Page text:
computers, workstations and servers. Rambus RIMM modules
      will provide up to three times the effective
      performance over today's PC100 SDRAM DIMM modules. At the
      same time, Rambus RIMM modules use
      industry assemblies similar to those of today's DIMM
      memory modules. For PC main memory, a Direct Rambus
      memory system will fit within the same physical, power
      and thermal profiles of a similarly configured
      100-MHz synchronous DRAM memory

    • previous message edited slightly to accomodate yahoo space.

    • Faster processors, the Accelerated Graphics Port,
      and faster serial buses are the platform ingredients
      driving the need for higher system memory bandwidth. As
      processor performance increases and more and more
      multimedia and 3D functions are incorporated, high-bandwidth
      memories are essential to sustaining system performance.
      Intel's goal is to ensure that memory subsystems continue
      to support evolving platform requirements through
      1999 and beyond. It is especially important to ensure
      that the memory roadmap evolves together with the
      performance roadmaps for processors, I/O and graphics. To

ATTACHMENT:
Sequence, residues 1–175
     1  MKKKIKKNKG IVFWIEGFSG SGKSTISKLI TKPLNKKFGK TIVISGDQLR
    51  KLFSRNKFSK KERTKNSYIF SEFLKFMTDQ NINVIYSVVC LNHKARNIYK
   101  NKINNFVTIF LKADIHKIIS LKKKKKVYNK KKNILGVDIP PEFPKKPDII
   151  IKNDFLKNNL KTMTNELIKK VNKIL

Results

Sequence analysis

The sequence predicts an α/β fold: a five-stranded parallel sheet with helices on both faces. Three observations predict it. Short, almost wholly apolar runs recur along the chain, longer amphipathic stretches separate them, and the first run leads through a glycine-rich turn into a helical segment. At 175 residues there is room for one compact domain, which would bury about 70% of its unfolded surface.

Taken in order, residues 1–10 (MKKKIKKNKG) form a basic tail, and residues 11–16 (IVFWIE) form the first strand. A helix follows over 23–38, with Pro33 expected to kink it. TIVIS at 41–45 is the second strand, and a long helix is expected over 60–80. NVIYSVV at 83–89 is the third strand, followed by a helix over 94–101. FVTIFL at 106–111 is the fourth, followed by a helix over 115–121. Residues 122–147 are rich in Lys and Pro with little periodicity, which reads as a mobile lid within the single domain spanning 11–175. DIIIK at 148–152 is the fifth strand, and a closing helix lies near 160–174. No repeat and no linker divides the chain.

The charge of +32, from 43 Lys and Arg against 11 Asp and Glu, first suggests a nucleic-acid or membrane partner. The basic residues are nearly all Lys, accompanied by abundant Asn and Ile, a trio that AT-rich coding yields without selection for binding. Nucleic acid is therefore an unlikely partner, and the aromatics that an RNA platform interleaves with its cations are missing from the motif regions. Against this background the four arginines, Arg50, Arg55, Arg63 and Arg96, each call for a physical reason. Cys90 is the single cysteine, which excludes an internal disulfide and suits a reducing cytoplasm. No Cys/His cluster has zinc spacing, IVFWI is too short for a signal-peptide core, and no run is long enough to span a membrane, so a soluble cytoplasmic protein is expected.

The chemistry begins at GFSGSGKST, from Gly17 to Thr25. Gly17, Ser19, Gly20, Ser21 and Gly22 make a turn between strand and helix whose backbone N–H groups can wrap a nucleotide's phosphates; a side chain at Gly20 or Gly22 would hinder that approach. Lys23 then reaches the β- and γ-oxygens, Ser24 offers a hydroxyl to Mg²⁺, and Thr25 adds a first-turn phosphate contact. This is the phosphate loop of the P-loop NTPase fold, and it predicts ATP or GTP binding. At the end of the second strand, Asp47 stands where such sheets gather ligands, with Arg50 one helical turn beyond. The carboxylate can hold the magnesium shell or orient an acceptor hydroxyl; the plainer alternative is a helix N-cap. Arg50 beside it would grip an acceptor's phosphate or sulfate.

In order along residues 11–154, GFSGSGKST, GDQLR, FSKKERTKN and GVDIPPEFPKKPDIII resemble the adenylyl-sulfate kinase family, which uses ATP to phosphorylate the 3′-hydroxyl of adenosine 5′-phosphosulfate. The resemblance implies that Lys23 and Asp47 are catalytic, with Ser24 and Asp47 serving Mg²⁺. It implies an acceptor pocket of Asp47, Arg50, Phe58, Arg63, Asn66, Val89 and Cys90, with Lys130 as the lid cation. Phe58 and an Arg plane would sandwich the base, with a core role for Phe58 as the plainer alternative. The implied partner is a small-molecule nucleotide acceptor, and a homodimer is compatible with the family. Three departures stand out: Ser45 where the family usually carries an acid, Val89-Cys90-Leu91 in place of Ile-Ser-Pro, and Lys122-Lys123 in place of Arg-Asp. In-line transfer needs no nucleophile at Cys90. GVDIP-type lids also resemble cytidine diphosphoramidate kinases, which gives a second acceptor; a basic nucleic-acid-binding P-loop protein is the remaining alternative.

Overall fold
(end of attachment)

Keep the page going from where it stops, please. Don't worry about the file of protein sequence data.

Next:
meet this goal, Intel continuously works with industry
      memory vendors to set leadership directions in the
      adoption and support of new memory technologies (EDO,
      SDRAM, Direct RDRAM) paving the way for faster, cheaper
      PC platforms.
      The current state-of-the-art
      memory technology is synchronous DRAM, or SDRAM. Through
      1998 and the beginning of 1999, mainstream memory
      bandwidth requirements will be satisfied by 100-MHz SDRAM
      performance. In parallel with Intel� Chipset product
      development, Intel worked with leading DRAM vendors providing
      the specifications to facilitate the development of
      SDRAM components and memory modules before the
      platforms were introduced. This process achieved industry
      adoption of 100-MHz SDRAM to complement new, faster
      Pentium� II processor-based systems. Beginning in 1999,
      the PC platform will start using Direct RDRAM to
      further enhance the interactive lifelike visual
      experiences on the standard PC platform, including
      workstation-quality 3D graphics and consumer-quality video.

      Video, richer 3D applications and the natural adaptation
      of the PC platform to the Visual Connected PC and